In the Key of Us book review

Posted April 30, 2022 by geograph in contemporary, middle grade, queer, sapphic / 0 Comments

I received this book for free from Netgalley in exchange for an honest review. This does not affect my opinion of the book or the content of my review.

In the Key of Us book reviewIn the Key of Us by Mariama J. Lockington
on April 26, 2022
Genres: Juvenile Fiction / LGBTQ, Juvenile Fiction / Love & Romance
Pages: 368
Format: ARC, eBook
Source: Netgalley

From the author of the critically acclaimed novel For Black Girls Like Me, Mariama J. Lockington, comes a coming-of-age story surrounding the losses that threaten to break us and the friendships that make us whole again.

Thirteen-year-old Andi feels stranded after the loss of her mother, the artist who swept color onto Andi’s blank canvas. When she is accepted to a music camp, Andi finds herself struggling to play her trumpet like she used to before her whole world changed. Meanwhile, Zora, a returning camper, is exhausted trying to please her parents, who are determined to make her a flute prodigy, even though she secretly has a dancer’s heart.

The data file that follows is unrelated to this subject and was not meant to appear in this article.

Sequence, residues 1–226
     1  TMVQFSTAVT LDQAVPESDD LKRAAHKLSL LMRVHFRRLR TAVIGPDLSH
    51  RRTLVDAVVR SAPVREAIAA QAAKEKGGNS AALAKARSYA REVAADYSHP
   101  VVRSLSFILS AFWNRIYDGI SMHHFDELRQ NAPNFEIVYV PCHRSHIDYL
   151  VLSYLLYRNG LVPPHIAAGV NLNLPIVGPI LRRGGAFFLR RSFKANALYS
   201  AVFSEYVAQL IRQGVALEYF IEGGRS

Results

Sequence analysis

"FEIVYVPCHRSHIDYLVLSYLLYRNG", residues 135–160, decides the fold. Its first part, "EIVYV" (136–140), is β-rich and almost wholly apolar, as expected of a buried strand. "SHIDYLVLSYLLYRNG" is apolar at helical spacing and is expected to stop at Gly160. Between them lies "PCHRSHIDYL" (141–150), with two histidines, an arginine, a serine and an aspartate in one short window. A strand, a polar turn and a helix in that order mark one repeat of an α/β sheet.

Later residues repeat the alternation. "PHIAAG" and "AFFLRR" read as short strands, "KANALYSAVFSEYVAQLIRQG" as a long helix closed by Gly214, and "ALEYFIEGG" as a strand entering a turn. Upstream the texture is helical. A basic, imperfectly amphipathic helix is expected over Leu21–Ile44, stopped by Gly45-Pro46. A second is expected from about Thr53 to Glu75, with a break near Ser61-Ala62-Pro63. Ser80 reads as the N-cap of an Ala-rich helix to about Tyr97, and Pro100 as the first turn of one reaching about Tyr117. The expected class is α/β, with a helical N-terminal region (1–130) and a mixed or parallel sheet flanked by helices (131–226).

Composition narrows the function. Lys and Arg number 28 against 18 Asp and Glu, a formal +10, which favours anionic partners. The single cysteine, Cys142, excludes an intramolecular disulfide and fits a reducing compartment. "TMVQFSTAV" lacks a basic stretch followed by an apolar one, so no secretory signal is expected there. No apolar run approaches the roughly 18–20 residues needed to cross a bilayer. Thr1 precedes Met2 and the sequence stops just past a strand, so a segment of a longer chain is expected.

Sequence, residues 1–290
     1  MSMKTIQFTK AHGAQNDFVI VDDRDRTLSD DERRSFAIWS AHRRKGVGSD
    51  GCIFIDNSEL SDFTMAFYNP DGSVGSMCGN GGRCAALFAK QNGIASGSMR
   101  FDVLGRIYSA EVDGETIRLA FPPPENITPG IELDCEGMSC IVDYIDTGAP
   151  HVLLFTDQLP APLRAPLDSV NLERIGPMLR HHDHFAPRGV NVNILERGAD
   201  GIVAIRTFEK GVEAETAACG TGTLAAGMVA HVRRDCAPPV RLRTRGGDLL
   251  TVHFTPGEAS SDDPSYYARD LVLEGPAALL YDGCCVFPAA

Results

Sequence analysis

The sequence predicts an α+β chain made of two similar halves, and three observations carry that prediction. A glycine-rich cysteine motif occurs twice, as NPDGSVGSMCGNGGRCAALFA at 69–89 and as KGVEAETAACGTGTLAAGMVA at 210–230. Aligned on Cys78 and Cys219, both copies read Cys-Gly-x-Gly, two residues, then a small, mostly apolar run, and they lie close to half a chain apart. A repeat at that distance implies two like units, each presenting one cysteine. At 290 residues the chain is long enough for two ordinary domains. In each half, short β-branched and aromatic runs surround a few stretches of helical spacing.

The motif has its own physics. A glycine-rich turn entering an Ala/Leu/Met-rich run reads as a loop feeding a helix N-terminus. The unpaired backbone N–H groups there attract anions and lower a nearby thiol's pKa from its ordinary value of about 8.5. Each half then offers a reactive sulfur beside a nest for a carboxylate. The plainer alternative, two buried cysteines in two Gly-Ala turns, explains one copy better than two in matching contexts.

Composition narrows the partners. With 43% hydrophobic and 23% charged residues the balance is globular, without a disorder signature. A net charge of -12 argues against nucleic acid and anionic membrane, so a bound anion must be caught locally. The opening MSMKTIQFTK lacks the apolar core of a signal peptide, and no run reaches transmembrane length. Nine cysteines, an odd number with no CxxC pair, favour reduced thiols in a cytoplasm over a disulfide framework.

At Harmony Music Camp, Zora and Andi are the only two Black girls in a sea of mostly white faces. In kayaks and creaky cabins, the two begin to connect, unraveling their loss, insecurities, and hopes for the future. And as they struggle to figure out who they really are, they may just come to realize who they really need: each other.

In the Key of Us is a lyrical ode to music camp, the rush of first love, and the power of one life-changing summer.

In the Key of Us is a dual-perspective summer camp book perfect for this summer. It’s a middle grade novel about girls struggling with identity, and it’s told with such sincere voice and heart that you can’t help but love it. If you were in a middle-school band, then you’ll identify with a lot of this — I definitely flashed back to how incredibly stressful chair auditions were in middle school, which I haven’t thought about until right now. (I consistently scored dead last because I never practiced at home, and I still don’t! But I do love playing cello when I get around to it.) It’s a sweet book, and it’s also hopeful for the future; I remember being twelve and it felt like I was on the brink of a lot of different things, and this book captures that feeling perfectly. Four and a half stars, rounded up for NetGalley. Bookshop link here.

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